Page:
This may not be a typical gadget post, but here's an idea that fascinates me. Nathan Myhrvold, former CTO of Microsoft, left to found a company called Intellectual Ventures. They invest in invention, not companies. He's been the subject of a New Yorker article on the abundance of big ideas by Malcolm Gladwell, which covers the basics of what they do at IV. I believe that Nathan also worked on a post-doc in Cosmology alongside Stephen Hawking. Mossberg is interviewing him at D, right now.

Nathan is talking about some of his patents, like a mini nuclear reactor. It's safe because most accidents in power plants are caused by human error, so automating this and using different fuels (like spent uranium and depleted rods from big plants) to make things less dangerous. I wish he'd talk more about their inventions but Walt and Nathan don't think it's appropriate to talk physics on stage.

Nathan and co. brainstorm ideas and license patents. Do they troll patent? They haven't.

They took the entire company to Iron Man to hear the line from the bad guy: "Just because you had an idea doesn't mean you own it." He hates that guy!

Walt is asking him about patent problems in tech, where terrible patents are being approved. Nathan says that originally, the patent office wouldn't approve software. Patents were ignored at first by software people, because speed was more important than "owning".

Nathan: "It was a good decision; many companies went huge and fair or foul said, hey, we're going to grow fast and copy everything we can whether it's patented or not. Big boys play rough." (Interesting perspective from an Ex Msft guy-B.L.)

By the way, Nathan has very entertaining voices, low and high. He'd be a great audiobook voice actor.

"You have to think that there's some technology that will take us from today to tomorrow, but there haven't been. We thought it was 3D, but it was not. No one has done that graphical treatment for office or research. Maybe that's a failure of imagination but no one has figured that out and I wish we would."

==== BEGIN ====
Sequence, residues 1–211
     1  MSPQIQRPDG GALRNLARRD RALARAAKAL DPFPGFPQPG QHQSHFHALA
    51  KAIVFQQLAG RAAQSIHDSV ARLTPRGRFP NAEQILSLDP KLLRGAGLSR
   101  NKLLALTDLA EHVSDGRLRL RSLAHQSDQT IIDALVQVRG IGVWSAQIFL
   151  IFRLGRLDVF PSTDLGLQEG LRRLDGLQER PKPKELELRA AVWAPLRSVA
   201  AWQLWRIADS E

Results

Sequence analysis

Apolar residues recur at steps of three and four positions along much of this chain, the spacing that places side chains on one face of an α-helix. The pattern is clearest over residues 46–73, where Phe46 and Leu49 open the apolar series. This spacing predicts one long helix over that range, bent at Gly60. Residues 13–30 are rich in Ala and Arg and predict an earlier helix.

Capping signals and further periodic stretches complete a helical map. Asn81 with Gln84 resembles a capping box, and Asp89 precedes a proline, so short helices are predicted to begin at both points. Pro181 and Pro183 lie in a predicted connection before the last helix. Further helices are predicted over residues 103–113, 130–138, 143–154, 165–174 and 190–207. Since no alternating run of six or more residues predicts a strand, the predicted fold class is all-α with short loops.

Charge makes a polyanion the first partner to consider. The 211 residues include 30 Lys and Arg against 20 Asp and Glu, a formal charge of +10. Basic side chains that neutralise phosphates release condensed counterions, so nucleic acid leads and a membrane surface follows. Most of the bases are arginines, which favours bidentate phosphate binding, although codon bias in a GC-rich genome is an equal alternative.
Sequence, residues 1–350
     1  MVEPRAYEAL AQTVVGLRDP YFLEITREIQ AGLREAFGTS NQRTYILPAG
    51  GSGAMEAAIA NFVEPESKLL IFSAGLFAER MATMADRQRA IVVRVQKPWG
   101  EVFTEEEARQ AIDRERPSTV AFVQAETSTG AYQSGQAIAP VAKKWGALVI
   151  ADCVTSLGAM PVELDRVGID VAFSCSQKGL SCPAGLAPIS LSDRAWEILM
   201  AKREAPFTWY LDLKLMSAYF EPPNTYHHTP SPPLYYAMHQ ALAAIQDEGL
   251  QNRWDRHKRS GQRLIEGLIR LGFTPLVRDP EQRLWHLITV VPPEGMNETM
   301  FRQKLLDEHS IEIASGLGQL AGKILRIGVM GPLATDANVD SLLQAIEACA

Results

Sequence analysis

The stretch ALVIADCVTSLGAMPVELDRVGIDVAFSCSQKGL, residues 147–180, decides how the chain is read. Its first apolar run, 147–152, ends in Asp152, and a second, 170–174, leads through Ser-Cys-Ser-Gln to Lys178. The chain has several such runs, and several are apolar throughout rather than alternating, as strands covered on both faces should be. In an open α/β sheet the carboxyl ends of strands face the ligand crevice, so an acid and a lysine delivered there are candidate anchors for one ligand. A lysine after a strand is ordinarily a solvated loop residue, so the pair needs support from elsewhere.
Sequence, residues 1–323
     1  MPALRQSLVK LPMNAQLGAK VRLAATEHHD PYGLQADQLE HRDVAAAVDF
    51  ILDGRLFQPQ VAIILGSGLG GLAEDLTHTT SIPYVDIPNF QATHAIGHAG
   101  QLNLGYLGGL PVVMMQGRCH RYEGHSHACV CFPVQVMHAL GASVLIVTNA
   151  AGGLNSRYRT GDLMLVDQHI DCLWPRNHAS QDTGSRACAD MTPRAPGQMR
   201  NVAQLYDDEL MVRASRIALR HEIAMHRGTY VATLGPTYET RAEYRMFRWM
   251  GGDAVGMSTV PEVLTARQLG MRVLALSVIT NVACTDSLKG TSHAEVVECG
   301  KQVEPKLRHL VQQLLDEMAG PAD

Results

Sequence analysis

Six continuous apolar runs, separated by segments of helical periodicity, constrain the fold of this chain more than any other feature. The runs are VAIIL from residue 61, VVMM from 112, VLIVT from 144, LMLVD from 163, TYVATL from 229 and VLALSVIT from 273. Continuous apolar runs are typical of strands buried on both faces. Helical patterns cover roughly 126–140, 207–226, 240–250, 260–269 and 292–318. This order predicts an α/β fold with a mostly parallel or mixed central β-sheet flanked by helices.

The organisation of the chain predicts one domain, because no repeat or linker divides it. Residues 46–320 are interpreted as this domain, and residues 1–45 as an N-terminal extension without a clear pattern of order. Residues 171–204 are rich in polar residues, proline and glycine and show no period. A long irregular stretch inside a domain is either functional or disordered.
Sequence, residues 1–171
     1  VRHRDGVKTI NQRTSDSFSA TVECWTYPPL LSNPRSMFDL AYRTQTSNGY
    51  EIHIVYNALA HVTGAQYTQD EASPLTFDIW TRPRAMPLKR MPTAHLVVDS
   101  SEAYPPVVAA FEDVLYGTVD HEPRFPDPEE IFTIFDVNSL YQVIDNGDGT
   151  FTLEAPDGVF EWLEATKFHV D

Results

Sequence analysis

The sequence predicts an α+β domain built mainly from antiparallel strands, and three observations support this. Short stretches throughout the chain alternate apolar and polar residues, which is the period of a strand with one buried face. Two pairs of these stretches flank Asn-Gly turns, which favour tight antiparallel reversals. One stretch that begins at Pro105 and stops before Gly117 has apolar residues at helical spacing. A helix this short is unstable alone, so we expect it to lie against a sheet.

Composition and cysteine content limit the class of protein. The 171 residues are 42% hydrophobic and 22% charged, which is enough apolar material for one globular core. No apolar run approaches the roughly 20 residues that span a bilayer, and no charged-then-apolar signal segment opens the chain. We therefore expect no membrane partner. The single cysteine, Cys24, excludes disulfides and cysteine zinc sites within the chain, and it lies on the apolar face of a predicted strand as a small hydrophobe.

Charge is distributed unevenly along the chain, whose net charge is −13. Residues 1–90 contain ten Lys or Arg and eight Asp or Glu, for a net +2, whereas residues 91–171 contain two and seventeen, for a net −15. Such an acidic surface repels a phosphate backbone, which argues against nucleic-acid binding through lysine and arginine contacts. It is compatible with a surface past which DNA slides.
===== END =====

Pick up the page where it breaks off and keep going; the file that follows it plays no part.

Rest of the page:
Mossberg asks about Apple's Multitouch on the iPhone, where Jobs claimed 200 patents in the device. Nathan suspects that the multitouch in the iPhone was done before, outside of both Apple and Microsoft, by someone who couldn't pull it off.

Calacanis had an interesting question: Is IV making an unethical land grab for patents? His answer was that he didn't know how to answer that question, except that people might complain if he has a lot of success, but no one was going to give him back his money. (Fair enough—B.L.)

Guy from Intel asks if an unintended consequence of IV's patent action and speculation is that big companies would keep extending patents to protect them. Nathan says it's BS. Most companies are doing R&D with a little R and a BIG D. They need to put more into the research. If people know they can spin out inventions, like they do divisions, they'll be more likely to do more research.

"If you're not doing something that is somewhat threatening to the apple cart, you're not doing something interesting."

[All Things D]